Creating a Shared Journal

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Where to Start

"For as many lives as there are, there are that many different kinds of journals," comments Barry. The first step is to decide what kind of journal you'd like to create.

A collaborative journal might focus on a shared experience in the past. For example, former neighbors who once lived on the same block might swap memories of their time together, as well as update each other on their current lives. These recollections, along with photographs and other mementos, could be gathered in a journal, which then would become the focus of a reunion block party.

A shared journal might also be a record of current events and perceptions. Hollie Rose keeps a "Thought Book" behind the counter of her coffee shop in Middletown, Connecticut. "It's a place to share important news about the day-to-day running of the cafe, to relate interesting vignettes of scenes that happen with customers, and also a place to vent," Rose says. "It's a nice record of the changing life of the cafe." When customers return, they enjoy flipping through the journal to see what they've missed. In nine years, the store has filled more than 30 volumes.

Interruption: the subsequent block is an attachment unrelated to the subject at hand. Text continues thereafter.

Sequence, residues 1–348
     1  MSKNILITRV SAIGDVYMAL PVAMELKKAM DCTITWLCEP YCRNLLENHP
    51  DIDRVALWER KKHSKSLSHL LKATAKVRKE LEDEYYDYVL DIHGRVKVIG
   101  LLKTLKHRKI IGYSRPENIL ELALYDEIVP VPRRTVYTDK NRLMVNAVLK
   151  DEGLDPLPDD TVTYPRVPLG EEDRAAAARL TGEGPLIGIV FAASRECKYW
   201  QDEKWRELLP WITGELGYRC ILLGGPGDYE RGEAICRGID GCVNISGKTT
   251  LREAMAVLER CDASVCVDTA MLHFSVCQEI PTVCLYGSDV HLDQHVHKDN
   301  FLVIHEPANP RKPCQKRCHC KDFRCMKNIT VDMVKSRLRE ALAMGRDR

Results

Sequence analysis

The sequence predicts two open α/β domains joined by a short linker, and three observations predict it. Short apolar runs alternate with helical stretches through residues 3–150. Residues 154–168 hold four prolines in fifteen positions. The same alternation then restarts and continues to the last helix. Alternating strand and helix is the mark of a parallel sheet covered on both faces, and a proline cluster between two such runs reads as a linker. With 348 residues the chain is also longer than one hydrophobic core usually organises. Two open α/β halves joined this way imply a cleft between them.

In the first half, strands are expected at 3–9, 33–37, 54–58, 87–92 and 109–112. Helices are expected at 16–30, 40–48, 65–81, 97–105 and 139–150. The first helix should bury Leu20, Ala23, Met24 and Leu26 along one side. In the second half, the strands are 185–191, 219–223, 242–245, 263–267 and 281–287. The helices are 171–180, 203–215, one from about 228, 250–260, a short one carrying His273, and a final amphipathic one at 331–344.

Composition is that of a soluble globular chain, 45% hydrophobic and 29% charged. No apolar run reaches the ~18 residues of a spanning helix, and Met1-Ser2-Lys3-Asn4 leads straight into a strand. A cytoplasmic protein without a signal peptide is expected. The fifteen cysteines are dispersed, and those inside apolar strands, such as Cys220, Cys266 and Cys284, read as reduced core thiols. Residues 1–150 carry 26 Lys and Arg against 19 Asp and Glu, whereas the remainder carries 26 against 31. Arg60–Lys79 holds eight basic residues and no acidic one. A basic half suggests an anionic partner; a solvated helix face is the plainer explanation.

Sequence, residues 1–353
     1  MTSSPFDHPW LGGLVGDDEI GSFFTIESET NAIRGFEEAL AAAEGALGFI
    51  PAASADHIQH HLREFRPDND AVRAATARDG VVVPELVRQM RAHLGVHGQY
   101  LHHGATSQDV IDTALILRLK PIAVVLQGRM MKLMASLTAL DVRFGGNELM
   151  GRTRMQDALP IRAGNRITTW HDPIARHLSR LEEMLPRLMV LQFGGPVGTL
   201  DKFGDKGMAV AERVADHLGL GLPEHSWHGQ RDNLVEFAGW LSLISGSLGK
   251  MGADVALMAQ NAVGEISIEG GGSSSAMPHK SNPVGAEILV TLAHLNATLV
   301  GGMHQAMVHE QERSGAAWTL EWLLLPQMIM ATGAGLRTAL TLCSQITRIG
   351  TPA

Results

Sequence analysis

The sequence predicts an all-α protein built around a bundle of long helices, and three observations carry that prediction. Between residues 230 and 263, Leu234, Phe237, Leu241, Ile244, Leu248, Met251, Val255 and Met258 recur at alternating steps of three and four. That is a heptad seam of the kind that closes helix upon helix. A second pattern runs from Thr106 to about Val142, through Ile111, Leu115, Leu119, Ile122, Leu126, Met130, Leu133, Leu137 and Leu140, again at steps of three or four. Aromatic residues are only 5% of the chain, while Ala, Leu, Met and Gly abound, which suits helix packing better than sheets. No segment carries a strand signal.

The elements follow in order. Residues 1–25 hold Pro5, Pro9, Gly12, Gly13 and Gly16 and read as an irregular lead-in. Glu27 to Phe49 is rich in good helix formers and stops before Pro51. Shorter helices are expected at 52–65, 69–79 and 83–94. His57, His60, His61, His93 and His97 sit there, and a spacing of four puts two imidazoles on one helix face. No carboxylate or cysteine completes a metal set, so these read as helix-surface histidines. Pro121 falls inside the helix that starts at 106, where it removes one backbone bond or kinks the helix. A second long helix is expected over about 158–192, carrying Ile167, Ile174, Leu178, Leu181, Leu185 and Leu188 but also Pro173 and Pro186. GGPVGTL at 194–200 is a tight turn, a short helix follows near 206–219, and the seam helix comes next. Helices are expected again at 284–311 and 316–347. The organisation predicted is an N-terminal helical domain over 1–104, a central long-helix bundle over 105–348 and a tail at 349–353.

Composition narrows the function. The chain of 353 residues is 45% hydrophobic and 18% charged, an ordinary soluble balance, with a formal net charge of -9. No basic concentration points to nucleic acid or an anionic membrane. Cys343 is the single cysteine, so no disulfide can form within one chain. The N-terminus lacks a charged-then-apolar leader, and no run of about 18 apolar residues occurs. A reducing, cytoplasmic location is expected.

Or a journal might become the centerpiece of an individual celebration, such as a grandparent's 75th birthday or a 50th wedding anniversary. Guests could write down what the grandparent has meant to their lives or tell their favorite stories about the couple. They might also include a poignant quote or their best advice for a long and happy life. The journal can be passed around during the event for guests to record their entries. Alternately, family and friends could submit material beforehand and present the journal to the honorees at the event.

One group of women created a collaborative journal for a friend who was recovering from cancer, says Bouton, whose book, Journaling from the Heart (Whole Heart Publications, 2000), offers suggestions for tapping into memories and experiences. "Each person wrote about how much they cared for and loved her, and why she was important to them." The journal helped sustain the woman through months of chemotherapy and radiation. When her cancer went into full remission, doctors gave a lot of credit to the loving support of her friends.

Continued on page 3:  Pulling It All Together


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